February 2, 2023
Auto Accidents and Health Insurance in Michigan
Imagine: you’ve just been in a car accident, and you need to be hospitalized. Between the ambulance ride and the medical testing and treatment, costs are adding up fast. How are you going to pay for them? In the state of Michigan, medical coverage is provided as part of No-Fault driver’s insurance (mandatory for all drivers in the state). No-fault insurance doesn’t mean that someone can’t be found at fault of an accident, only that each driver’s individual insurance pays for their own medical and damage costs. (With some exceptions depending on the circumstances of the accident.) This portion of Michigan’s No-Fault insurance is called Personal Injury Protection, or PIP.
What Is Personal Injury Protection (PIP) Coverage?
As regulated by law, PIP will pay for “all reasonable medical expenses” with no maximum. But what exactly is “reasonable”? The law can be somewhat finicky in this way. If you’re not sure what, if any, of your injuries may qualify you for a PIP payout, make sure to consult with a car accident attorney right away. Our team is happy to answer any questions you might have.
PIP will also help cover lost wages (due to an inability to work as a result of injuries from your accident) for up to three years. Though, keep in mind, you will most likely have to reach your auto insurance deductible before these PIP benefits begin to pay out. You also have the option to coordinate your health insurance with your PIP coverage; this will allow your medical insurance to take precedence and trigger your no-fault insurance only after your health insurance coverage has been fully utilized.
Medical Coverage Levels
Starting in July of 2020, No-Fault auto insurance policies in Michigan began to allow drivers to choose their level of medical coverage. The total coverage amount plays a key role in determining the driver’s monthly car insurance payments. The options are:
- $50,000 (limited to drivers enrolled in Medicaid)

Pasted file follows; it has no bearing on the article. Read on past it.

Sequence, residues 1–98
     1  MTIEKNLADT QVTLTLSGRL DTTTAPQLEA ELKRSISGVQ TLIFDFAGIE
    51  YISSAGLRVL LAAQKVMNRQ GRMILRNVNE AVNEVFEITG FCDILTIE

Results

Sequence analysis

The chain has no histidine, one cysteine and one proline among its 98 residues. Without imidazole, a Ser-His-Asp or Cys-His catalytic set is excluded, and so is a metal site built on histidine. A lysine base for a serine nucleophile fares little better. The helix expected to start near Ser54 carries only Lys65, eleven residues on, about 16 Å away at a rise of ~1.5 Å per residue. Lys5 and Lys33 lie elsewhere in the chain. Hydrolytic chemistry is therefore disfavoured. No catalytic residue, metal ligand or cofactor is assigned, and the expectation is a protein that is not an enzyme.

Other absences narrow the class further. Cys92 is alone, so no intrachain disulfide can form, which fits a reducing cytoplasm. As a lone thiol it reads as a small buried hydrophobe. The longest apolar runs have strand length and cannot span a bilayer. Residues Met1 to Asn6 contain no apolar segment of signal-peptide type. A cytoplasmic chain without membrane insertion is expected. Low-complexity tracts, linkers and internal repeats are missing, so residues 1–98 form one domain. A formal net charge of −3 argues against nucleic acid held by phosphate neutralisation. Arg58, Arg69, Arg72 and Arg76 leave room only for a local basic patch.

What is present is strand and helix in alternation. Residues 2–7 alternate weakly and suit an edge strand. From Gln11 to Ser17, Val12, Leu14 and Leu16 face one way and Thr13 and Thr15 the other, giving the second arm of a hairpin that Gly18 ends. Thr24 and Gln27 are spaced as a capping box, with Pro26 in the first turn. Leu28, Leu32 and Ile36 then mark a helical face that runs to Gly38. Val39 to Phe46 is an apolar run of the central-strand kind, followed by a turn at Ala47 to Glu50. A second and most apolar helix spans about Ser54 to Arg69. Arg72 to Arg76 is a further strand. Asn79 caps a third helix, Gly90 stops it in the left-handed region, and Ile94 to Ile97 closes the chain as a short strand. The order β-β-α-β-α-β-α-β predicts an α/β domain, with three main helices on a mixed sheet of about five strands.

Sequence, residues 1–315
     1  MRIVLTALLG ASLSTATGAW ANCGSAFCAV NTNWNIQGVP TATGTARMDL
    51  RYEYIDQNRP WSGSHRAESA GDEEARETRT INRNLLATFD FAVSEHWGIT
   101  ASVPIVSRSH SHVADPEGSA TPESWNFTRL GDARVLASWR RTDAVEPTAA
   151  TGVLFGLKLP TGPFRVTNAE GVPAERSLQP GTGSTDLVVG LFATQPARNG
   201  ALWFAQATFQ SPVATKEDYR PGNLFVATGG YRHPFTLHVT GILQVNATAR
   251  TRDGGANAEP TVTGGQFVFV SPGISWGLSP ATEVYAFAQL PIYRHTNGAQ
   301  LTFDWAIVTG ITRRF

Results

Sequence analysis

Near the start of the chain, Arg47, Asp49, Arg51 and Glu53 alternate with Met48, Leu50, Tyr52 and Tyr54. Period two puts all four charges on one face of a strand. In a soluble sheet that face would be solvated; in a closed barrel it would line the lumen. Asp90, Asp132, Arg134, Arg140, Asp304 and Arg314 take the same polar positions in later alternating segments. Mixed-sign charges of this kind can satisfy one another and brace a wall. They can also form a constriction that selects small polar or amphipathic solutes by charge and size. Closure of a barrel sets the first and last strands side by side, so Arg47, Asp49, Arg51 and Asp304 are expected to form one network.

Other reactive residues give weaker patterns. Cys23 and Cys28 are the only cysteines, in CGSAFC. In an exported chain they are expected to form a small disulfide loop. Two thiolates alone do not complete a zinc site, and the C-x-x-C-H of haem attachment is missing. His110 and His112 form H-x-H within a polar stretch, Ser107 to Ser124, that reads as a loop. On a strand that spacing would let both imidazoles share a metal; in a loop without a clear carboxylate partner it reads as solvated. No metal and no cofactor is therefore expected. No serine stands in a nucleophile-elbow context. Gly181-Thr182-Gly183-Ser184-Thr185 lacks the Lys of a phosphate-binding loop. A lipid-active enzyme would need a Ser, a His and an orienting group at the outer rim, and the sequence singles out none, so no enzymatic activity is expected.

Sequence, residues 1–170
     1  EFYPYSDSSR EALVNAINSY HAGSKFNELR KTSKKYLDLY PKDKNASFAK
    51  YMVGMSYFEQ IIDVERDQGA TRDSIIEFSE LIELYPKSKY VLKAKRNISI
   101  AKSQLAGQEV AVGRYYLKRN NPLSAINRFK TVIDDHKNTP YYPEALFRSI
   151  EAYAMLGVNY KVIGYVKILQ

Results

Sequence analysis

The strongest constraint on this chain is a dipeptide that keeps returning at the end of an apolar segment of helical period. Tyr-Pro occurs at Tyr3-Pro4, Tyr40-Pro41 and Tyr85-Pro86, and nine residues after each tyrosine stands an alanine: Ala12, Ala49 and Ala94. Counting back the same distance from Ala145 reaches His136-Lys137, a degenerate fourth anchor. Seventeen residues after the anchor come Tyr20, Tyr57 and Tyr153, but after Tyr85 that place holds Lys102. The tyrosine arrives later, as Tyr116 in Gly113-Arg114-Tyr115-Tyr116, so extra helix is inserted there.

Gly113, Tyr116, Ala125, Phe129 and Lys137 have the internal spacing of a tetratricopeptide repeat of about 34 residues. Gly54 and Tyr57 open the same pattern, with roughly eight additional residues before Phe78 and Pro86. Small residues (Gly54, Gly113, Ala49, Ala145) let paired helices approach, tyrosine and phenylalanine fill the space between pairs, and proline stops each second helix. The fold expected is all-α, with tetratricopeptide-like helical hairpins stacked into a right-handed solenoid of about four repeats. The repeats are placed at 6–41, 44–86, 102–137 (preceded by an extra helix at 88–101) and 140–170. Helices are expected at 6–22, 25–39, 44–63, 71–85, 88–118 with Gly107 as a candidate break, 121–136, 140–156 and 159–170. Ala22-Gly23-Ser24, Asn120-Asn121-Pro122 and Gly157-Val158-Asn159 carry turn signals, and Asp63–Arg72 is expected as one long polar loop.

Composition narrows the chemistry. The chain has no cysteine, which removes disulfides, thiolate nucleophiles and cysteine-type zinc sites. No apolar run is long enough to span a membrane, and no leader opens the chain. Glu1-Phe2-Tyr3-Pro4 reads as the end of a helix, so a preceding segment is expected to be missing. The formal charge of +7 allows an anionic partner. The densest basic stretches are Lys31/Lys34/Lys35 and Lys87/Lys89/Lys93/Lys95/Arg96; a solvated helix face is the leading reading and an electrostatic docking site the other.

Does Medicare Cover Auto Accident Injuries?
All drivers in the state of Michigan are legally required to have MI No-Fault insurance. For this reason, your No-Fault policy will take precedence over Medicare when paying for any medical bills related to an accident. If an inaccurate filing occurs and Medicare is charged in place of your No-Fault insurance, this would be considered a conditional payment. This simply means that your auto insurance will reimburse Medicare for any expenses that should have been paid for under your No-Fault policy.
If you have Medicare and have chosen to opt out of the PIP benefits of your auto insurance policy, Medicare will provide coverage toward your accident-related medical expenses.
If you are considering coordinating your PIP coverage and health insurance benefits, or if you are looking to potentially lower your PIP coverage, make sure to look at the fine print! Because No-Fault insurance requires PIP, many Michigan health insurance providers have begun to include “auto accident exclusion” provisions which specifically exclude coverage for any injuries or medical expenses that occur as a result of an automobile accident. These exclusions have started to become more and more common as employers attempt to reduce medical insurance costs.
Not sure if you’re covered? Have questions about existing or potential claims? Need help getting the benefits you deserve? When you schedule a free consultation with the team at Elia & Ponto, we walk through your case with you, lay out your options, and fight for what you’re owed. Oh, and did we mention that we’ll come to you? Yes, we do that too. There’s no risk, only reward—call today!